A Feb. 17, 2015 news item on Nanowerk features a special thematic issue of Science for Environment Policy, a free news and information service published by the European
Commission’s Directorate-General Environment, which provides the latest environmental policy-relevant research findings (Note: A link has been removed),
Nanomaterials – at a scale of one thousand times smaller than a millimetre – offer the promise of radical technological development. Many of these will improve our quality of life, and develop our economies, but all will be measured against the overarching principle that we do not make some error, and harm ourselves and our environment by exposure to new forms of hazard. This Thematic Issue (“Nanomaterials’ functionality”; free pdf download) explores recent developments in nanomaterials research, and possibilities for safe, practical and resource-efficient applications.
You can find Nanomaterials’ functionality thematic issue here; the issue includes.
Several articles in this Thematic Issue illustrate how nanotechnology is likely to further revolutionise that arena, for example in capturing sunlight and turning it into usable electrical energy. The article ‘Solar cell efficiency boosted with pine tree-like nanotube needle’, describes how light collected from the sun can be bounced around many times inside a nanostructure to improve the chance of it exciting electrons, and ‘Nanotechnology cuts costs and improves efficiency of photovoltaic cells’ shows how electrons that are released can be captured by the large surface area of ‘nano-tree like’ anodes. Together these ensure that more of the sunlight is transformed to captured electrons and electrical power. The article ‘New energy-efficient manufacture of perovskite solar cells’ goes further, and suggests that the existing titanium dioxide that is currently used in solar cells could be replaced by perovskites, yielding quite dramatic improvements in energy conversion, at low device fabrication costs. …
The article ‘New quantum dot process could lead to super-efficient light-producing technology’ describes how anisotropic (elongated, non-spherical) indium-gallenium nitride quantum dots, or proximity to an anisotropic surface, can lead quantum dots to emit polarised light, potentially enabling 3D television screens, optical computers and other applications, at much lower cost. ‘The potential of new building block-like nanomaterials: van der Waals heterostructures’ and ‘Graphene’s health effects summarised in new guide’ touch on the possibility of engineering ‘building block-crystals’ by arranging different 2D nanostructures such as graphene into low dimension crystals, which allows us, for example, to lower the loss of energy in transmitting electricity. There are also quite novel directions underpinning ‘green nanochemistry’ — illustrated by the potential of silk-based electron-beam resists (in the article ‘Making nano-scale manufacturing eco-friendly with silk’) — to be eco-friendly, and have new functionalities.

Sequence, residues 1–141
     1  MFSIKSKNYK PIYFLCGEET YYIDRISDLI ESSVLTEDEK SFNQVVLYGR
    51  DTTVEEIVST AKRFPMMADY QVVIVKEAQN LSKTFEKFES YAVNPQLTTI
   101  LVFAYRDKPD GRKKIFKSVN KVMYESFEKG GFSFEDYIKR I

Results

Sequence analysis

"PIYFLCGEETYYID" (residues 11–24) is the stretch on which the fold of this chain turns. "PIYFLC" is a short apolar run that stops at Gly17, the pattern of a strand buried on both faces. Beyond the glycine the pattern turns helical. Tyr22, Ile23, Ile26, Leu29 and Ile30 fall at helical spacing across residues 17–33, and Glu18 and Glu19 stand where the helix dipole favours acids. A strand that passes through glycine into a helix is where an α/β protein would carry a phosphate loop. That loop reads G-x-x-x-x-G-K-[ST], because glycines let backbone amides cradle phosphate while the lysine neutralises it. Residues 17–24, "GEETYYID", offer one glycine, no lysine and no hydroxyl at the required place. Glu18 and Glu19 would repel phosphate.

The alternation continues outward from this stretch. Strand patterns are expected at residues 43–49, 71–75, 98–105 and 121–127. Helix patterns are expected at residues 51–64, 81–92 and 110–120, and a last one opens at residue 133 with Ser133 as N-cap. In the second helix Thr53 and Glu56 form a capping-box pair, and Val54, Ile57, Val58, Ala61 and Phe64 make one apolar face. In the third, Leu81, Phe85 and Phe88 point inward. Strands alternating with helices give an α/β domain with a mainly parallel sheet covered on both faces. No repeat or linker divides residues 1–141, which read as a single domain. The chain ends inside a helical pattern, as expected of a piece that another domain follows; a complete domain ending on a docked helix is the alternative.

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In addition to highlighting various research areas by mentioning articles included the issue, the editorial makes its case for commercializing nanomaterials and for the European establishment’s precautionary approach to doing so,
European institutions and organisations have been at the forefront of efforts to ensure safe and practical implementation of nanotechnology. Significant efforts have been made to address knowledge gaps through research, the financing of responsible innovation, and the upgrading of the regulatory framework to render it capable of addressing the new challenges. There are solid reasons for institutional attention to the issues. Succinctly put, the passing around and modification of natural nanoparticles and macromolecules (for example, proteins) within our bodies is the foundation of much of life. In doing so we regulate and send signals between cells and organs. It is therefore appropriate that questions should be asked about engineered nanoparticles and how they interact with us, and whether they could lead to unforeseen hazards. Those are substantive issues, and answering them well will support the creative drive towards real innovation for many decades to come, and honour our commitments to future generations. [p. 4 PDF]
This special issue provide links for more information and citations for the research papers the articles are based on.